Confused by the mind and defused by the senses we seek pleasure and lose the great treasure called life. Live life as a pair of walking feet. The forward foot has no pride, and the foot behind has no shame, because they know their situation will change. Trust and truth does not come with a refill. Knowledge comes from learning. Wisdom comes from living. Who we are today, and who we become as a nation in the future, is in our hands. The choice is ours. 


God’s Gift


December 20, 2018

Dear Editor:

Christmas is a special time of year for Christians. The birth of Jesus, as predicted in the Scriptures, has significant meaning. I have to start by saying I am by no means a Bible scholar, and the best I can lay claim to is I try my best to fly right and do the right thing. Above said, every Christmas the story of the conversation between Jesus and a man of the Pharisees, named Nicodemus, a ruler of the Jews, written in Bible John 3 Chapter 13 to 16 comes to mind.

Chapter 13: And no man hath ascended up to heaven, but he that came down from heaven, even the Son of Man, which is in heaven. Chapter 14: And as Moses lifted up the serpent in the wilderness, even so must the Son of Man be lifted up. Chapter 15: That whosoever believeth in Him should not perish, but have eternal life. Chapter 16: For God so loved the world, that He gave His only begotten Son, that whosoever believeth in Him should not perish, but have everlasting life.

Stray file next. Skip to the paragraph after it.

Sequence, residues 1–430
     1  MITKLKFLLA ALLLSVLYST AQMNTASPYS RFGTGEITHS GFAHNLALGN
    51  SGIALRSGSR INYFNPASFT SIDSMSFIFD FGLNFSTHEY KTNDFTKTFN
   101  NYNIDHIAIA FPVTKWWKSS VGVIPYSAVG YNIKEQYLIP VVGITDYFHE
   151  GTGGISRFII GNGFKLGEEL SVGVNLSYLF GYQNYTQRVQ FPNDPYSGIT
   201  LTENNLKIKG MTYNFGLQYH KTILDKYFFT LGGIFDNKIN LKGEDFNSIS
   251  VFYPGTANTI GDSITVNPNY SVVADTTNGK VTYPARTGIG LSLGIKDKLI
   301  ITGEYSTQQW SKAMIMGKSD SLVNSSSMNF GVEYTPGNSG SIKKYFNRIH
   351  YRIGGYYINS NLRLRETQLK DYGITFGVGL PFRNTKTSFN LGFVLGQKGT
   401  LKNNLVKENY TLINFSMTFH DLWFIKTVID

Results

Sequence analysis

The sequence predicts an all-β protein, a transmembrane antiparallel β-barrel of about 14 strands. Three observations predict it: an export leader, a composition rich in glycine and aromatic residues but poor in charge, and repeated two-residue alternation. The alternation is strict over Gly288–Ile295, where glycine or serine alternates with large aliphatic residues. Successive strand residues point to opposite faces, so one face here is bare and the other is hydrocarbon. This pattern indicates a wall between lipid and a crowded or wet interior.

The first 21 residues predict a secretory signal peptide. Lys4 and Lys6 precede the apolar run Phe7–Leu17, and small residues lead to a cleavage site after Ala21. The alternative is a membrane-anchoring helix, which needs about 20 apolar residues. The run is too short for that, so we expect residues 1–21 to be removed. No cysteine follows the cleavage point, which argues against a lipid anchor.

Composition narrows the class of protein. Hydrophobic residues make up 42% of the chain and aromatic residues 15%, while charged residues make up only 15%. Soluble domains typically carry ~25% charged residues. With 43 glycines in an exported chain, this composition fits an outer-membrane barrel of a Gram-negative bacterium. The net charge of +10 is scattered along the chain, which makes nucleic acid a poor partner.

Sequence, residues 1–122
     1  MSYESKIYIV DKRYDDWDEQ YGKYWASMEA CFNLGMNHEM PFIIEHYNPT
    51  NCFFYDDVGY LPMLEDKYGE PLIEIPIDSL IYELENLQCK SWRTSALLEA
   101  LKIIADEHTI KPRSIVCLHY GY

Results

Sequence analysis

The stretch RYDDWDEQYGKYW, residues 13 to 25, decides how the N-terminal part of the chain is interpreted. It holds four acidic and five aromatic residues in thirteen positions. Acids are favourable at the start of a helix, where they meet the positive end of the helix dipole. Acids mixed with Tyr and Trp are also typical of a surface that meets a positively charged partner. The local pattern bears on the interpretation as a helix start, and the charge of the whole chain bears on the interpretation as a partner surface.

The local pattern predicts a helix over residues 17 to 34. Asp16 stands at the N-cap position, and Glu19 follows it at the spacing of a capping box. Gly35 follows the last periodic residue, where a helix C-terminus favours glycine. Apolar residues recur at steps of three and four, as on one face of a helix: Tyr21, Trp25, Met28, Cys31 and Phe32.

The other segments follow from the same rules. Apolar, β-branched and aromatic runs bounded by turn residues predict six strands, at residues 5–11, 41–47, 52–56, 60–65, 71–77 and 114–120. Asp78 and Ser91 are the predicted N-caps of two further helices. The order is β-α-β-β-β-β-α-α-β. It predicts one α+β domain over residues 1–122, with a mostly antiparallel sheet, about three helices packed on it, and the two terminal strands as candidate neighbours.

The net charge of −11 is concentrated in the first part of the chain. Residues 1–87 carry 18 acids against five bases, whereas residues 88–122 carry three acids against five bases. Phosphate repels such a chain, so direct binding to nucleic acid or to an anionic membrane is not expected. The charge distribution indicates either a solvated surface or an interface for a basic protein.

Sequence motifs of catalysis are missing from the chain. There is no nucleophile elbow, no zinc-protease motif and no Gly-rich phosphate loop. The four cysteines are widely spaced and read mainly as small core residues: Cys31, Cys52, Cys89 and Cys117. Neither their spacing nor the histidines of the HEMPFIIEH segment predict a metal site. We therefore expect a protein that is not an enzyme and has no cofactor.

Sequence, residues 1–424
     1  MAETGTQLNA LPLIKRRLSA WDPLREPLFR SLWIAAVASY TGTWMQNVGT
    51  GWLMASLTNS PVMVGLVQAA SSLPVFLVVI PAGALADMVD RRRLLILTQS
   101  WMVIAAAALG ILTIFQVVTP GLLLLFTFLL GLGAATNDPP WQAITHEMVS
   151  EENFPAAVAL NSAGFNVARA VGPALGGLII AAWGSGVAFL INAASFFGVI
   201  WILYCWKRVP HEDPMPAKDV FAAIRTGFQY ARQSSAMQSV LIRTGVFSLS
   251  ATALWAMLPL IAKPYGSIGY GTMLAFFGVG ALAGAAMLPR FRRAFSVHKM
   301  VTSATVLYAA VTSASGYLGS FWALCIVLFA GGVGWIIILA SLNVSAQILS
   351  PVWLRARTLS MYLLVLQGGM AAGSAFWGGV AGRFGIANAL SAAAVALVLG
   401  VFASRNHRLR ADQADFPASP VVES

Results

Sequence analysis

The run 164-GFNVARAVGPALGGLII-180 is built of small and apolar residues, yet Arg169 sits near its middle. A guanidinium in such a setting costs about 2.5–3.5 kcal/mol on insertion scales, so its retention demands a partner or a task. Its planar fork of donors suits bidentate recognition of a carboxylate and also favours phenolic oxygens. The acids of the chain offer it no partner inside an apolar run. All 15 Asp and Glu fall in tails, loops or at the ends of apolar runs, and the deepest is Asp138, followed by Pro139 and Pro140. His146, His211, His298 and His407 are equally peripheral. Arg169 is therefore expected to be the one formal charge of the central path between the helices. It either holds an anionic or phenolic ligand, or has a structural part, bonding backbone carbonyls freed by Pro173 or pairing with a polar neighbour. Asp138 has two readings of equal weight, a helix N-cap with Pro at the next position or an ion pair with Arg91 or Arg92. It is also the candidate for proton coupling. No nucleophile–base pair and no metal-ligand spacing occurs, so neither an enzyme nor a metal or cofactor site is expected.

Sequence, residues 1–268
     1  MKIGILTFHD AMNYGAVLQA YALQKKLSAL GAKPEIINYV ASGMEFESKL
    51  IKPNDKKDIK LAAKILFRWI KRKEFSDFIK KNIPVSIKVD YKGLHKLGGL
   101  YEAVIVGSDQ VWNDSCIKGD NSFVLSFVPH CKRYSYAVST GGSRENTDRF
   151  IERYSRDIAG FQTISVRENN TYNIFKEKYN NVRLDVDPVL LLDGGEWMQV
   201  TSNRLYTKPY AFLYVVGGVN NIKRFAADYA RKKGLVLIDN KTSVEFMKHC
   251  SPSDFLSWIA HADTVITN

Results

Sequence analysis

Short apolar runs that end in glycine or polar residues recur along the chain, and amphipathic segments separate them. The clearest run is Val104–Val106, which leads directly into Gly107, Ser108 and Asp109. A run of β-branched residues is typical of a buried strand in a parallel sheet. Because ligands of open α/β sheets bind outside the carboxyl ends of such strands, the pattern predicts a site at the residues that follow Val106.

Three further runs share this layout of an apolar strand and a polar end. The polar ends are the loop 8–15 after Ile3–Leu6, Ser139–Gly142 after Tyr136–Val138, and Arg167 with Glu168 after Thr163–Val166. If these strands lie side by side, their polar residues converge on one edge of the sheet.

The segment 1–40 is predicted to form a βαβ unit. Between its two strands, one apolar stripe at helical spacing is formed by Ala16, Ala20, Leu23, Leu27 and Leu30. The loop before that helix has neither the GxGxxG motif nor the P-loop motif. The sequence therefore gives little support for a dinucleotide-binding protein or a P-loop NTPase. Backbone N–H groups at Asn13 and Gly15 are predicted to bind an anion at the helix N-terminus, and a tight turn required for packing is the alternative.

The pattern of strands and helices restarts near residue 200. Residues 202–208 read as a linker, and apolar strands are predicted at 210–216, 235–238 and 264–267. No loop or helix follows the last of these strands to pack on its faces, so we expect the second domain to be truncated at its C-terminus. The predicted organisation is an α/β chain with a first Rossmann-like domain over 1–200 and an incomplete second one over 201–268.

God’s gift to us was salvation from the eternal consequences of sin made possible through Jesus’s sacrifice for our sins. 

There are many messages in the above, but in particular, the message of giving. Giving to help those less fortunate, the downtrodden, the sick, the weak, the oppressed, and those that cannot help themselves are all things we should aspire to every day, not just on Christmas. 

With that thought, I would like to wish everyone a joyous, happy holiday season and happy new year, with much love, family, and friends old and new.


Should Get Out


December 21, 2018

To the Editor:

Trump is right to get out of Syria. As a progressive activist and member of local Democratic Party Committee, I am appalled the Trump-derangement syndrome I have witnessed in the last 24 hours. Getting U.S. troops out of Syria is 100 percent right, even if Trump is the one who said it. Sure, we can debate the wisdom of announcing it on Twitter without first telling our allies. I agree that that was incredibly foolish. And we can debate the best way to implement that withdrawal. But that does not change the underlying facts: The involvement of U.S. troops in Syria is illegal, immoral, counterproductive, and should end as soon as possible.